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Comment Re:Code Review Pair Programming (Score 1) 186

well, at Job 1 it was hit or miss, but at Job 2 we have a formal code review tool:

So yes, you do know who reviewed what, and whether or not they give their seal of approval.

now I'll admit that someone can just mark a review as fine without having read it, but as I said, nothing is perfect. Our process could certainly be improved more if we used a Github-style way of managing code (pull requests and all that) but since we use SVN and do all our work on the master branch it won't happen. I've fought for it but was the counter argument was that the team is not large enough to justify that kind of workflow. *shrug*

Comment Re:Code Review Pair Programming (Score 1) 186

> No, a review process is useless.


> You need actual code reviews for it to work,

I'm not sure what you're getting at.

The last two jobs I've done had a review process where all commits to the RCS resulted in a notification sent to the entire team, and was expected to be reviewed by two or more people.

One nice thing about this approach as well, better architecture. Not because of someone's review, but because the review process works far better when commits are small. Keeping commits small helped to improve modularity of our code, since 98% of the time we expect each commit to result in software that can be built (we did everything in our powers to avoid committing changes that would break a build).

Comment Code Review Pair Programming (Score 4, Interesting) 186

A proper peer review process is far superior. Review your plan with your teammates. If you're working with components that others work on, make sure they are part of the plan review. Once all questions are answered, put your headphones on and go forth and code. Rely on unit tests to catch the obvious problems, rely on integration tests to catch less than obvious problems, rely on QA to catch what your integration tests miss. Use linting, static code analysis, and other tools like Sonarqube to identify potential problems within your code that may not manifest themselves under day to day usage. Voila...

Is it perfect? Of course not. Will your software be 100% bug free? Of course not. It also doesn't solve problems related to lack of intelligence or experience amongst your teammates, and it doesn't solve problems related to lack of foresight from management who impose impossible deadlines or who close deals with customers that include features which don't exist. But the team will still be more productive than if they had to share computers and work in pairs. Programmers need focus and pair programming will ruin any focus you could have.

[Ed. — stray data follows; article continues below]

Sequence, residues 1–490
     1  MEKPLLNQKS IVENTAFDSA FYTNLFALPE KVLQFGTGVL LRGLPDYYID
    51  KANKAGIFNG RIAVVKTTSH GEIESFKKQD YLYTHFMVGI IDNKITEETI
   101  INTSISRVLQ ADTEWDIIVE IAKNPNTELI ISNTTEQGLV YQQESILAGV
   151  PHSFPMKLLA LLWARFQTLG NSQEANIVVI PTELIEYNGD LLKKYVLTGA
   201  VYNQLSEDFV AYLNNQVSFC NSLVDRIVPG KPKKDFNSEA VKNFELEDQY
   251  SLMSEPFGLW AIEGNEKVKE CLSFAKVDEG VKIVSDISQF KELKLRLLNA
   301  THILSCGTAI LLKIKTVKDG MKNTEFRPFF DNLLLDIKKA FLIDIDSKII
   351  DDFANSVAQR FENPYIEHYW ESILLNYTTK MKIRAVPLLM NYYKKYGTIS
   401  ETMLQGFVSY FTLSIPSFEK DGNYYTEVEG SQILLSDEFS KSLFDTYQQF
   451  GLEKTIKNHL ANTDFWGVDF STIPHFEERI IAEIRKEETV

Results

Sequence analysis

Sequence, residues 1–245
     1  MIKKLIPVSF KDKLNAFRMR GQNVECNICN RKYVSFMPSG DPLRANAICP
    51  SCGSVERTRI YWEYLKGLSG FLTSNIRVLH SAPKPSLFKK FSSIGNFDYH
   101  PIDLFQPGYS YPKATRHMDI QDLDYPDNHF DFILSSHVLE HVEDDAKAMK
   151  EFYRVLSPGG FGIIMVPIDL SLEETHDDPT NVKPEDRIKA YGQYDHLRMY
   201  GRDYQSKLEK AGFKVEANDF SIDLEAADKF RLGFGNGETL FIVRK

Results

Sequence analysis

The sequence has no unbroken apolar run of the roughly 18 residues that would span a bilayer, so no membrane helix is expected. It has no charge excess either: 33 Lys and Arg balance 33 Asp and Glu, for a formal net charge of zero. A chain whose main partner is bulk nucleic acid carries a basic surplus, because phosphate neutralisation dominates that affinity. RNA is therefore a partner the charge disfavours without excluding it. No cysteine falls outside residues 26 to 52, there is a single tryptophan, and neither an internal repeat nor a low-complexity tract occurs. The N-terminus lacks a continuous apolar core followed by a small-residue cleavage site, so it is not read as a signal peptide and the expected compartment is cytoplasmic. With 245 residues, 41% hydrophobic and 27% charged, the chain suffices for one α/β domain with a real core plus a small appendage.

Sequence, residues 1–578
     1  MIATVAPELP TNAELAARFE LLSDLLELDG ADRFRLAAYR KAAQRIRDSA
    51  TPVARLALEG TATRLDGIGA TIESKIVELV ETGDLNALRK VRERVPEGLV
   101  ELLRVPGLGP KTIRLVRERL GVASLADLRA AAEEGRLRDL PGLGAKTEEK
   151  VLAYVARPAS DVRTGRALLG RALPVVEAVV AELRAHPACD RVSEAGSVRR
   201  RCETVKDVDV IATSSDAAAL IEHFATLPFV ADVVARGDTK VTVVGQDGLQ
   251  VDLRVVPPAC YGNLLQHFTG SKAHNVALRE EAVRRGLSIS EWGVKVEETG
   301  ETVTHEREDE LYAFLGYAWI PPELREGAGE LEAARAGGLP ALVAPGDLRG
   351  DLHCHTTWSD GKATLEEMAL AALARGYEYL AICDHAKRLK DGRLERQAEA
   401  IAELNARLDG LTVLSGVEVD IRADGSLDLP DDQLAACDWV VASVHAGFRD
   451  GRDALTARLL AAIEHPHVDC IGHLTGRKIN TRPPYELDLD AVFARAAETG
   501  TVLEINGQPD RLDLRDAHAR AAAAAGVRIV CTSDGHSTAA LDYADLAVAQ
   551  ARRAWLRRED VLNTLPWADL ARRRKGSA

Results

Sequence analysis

Comment Re:Can this entry be any more click bait? (Score 1) 100

> But lets get away from games and onto serious computing.

And games are not serious computing how? There are grand challenges that have been overcome in the technologies that power video games. Path finding, latency reduction, 3D computation, and so on.

Not to mention budgets that exceed that of some "enterprise" firms.

Comment what is their development strategy? (Score 2) 112

Every commit I make at work is required to have at least one peer review and its' recommended to have two and we are not selling security-related software.

I've never heard of this company, but this revelation speaks volumes to their poor development strategy. Maybe they fell in love with buzzwords like Agile or Waterfall or whatever without realizing that proper processes like peer reviews have nothing to do with these buzzwords. Either way, they can not be trusted for letting this happen. Either they do not review their own code on a regular basis, or parts of management are corrupt for letting this happen. Either way, probably time to stop doing business with them.

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